A new inheritance law has been causing lots of discussion amongst foreigners living in Spain. The Regulation (EU) No. 650/2012 and the creation of a European Certificate of Succession has raised many questions about the validity of existing Spanish wills covering property in Spain for those who are resident here. The new law was made on 16th August 2012 and came into operation from 17th August 2015.
It’s quite right too that people want to establish whether their existing arrangements will deliver their wishes when they die or not. The vast majority of people are anxious to make the correct arrangements in order to ensure that those they love do not have difficulties sorting out inheritance and that property in Spain is distributed according to their wishes.
The new regulation could make a difference to whether this does happen or not. Those EU citizens who live in a country different to that of their nationality for more than two years may well be affected. Cross-border inheritance always, potentially, presents difficulties. Countries can have different laws when it comes to inheritance, whose law should apply?
Last year, the European Parliament and European Council agreed to apply one law to a deceased person’s entire estate. This law would apply irrespective of how many countries the deceased had properties in.
However, a resident in Spain who is not a Spanish national could still have a choice about whether they wanted their own national law or Spain’s to apply.
The law itself reads as follows:
“EU citizens habitually residing in Spain will be subject to the Spanish succession law, despite their nationality, unless they specifically state in their will the wish for the succession law of their country of origin applied”
In other words, if a will does not exist and/ or there is no written mention in your will that you want the law of your nationality to apply, the inheritance process will automatically be carried out under Spanish law. Although Spanish inheritance law does not differ from inheritance law in many other countries, it is significantly different to that of the UK.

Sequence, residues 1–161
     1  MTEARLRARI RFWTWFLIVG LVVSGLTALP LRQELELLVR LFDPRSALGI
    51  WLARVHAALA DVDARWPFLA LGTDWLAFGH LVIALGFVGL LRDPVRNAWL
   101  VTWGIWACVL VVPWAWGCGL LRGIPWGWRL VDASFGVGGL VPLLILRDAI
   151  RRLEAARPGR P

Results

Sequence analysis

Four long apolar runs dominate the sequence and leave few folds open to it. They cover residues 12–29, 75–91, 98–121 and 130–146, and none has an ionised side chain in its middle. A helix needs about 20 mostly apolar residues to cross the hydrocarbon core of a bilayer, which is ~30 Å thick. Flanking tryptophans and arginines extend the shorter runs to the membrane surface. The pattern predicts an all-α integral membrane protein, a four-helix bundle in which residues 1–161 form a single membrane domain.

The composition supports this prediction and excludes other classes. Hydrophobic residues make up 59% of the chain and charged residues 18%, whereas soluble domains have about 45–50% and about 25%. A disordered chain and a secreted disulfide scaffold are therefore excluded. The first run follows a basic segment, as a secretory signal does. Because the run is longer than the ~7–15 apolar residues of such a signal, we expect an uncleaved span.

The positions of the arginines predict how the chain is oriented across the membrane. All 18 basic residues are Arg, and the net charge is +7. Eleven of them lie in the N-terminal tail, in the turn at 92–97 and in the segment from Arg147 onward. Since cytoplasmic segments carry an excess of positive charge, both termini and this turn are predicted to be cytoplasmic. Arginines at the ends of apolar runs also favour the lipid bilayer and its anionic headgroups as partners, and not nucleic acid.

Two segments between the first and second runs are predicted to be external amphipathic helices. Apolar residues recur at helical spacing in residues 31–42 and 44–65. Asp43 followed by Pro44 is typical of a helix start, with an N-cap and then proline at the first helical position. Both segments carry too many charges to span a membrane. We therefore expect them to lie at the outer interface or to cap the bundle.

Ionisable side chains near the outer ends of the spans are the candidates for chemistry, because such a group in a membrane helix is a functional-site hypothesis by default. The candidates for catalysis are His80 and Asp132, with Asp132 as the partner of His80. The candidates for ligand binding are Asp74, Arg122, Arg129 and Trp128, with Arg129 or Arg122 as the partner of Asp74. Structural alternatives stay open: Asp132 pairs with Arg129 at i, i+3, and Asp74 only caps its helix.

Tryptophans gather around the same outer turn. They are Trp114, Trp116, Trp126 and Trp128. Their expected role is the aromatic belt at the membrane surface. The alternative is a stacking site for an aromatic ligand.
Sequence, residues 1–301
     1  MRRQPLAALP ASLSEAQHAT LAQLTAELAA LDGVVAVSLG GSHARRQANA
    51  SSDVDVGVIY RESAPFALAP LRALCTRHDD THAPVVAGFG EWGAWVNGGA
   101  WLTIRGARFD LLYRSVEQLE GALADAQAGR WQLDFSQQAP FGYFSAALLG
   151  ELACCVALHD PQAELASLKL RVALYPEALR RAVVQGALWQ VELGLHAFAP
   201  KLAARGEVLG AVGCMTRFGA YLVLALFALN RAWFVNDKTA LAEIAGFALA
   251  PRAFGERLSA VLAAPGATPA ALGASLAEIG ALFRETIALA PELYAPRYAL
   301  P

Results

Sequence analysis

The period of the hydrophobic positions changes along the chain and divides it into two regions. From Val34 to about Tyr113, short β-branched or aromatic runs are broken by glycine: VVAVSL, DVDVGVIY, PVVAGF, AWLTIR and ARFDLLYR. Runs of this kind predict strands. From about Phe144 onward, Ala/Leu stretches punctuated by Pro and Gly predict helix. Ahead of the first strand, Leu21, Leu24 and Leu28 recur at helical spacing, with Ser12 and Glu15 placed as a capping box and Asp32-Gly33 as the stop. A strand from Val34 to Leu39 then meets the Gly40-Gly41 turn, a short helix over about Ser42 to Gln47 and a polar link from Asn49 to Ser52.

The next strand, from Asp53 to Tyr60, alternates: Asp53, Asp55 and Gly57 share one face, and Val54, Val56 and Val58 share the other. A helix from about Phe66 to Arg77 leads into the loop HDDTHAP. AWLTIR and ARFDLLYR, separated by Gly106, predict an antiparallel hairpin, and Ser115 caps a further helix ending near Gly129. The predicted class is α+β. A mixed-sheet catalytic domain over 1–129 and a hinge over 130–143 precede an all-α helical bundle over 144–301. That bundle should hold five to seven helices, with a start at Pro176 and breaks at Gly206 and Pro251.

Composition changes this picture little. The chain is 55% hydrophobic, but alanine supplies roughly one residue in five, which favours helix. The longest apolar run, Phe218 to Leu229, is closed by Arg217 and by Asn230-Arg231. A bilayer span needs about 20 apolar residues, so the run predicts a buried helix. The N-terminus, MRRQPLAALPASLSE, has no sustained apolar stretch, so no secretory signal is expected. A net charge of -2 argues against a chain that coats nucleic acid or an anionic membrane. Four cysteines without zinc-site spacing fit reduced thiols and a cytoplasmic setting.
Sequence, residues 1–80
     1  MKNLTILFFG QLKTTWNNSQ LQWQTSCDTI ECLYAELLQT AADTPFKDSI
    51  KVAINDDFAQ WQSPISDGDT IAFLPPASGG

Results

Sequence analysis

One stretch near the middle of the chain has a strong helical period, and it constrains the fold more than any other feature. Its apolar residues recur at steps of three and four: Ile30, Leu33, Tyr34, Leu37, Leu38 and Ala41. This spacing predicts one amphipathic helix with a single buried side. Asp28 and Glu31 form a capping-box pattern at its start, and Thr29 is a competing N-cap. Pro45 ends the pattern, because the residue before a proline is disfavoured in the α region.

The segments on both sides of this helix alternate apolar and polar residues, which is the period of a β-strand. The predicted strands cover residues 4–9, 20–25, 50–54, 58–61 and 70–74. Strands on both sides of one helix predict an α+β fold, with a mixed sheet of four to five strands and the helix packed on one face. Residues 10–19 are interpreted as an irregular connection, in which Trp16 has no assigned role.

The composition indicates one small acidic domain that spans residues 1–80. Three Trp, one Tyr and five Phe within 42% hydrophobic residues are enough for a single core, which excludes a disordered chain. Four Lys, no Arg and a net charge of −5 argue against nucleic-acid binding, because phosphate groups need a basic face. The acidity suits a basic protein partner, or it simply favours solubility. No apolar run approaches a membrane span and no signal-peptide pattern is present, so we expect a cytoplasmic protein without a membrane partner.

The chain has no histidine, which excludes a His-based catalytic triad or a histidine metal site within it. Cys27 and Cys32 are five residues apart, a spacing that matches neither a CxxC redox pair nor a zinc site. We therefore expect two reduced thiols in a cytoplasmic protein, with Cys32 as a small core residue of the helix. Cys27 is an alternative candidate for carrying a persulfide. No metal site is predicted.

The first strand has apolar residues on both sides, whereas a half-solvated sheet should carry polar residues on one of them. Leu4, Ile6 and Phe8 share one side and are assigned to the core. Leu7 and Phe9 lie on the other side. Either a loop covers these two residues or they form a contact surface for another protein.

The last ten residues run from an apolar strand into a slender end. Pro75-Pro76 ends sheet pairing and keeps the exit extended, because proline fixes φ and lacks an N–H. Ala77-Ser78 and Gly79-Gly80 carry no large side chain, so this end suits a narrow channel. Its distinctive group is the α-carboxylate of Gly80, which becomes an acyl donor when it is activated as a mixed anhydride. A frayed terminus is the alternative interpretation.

UK inheritance law
UK law allows a person to dispose of their estate and their possessions as they want. It is completely acceptable to leave all your worldly goods to your spouse, children, next door neighbor or even to charity.
Spanish inheritance law
Spanish law dictates that certain parts of the estate must be left to particular relatives when someone dies. These are known as ‘legal beneficiaries’ and include spouse and children. Only one third of the estate can be disposed of according to the deceased’s actual wishes.
It can be confusing for those who have UK nationality because the Spanish inheritance laws are so different. Many people from the UK assume that when they die their property will automatically go to their spouse if they do not leave a will. This will not happen if you are resident in Spain unless you have specified in your will that you want British inheritance law to apply.
We recommend that anyone who does not want Spanish inheritance law to apply in their case has a new will drawn up that includes the new stipulation. It is easier anyway for the probate to go through if there is a Spanish will in place.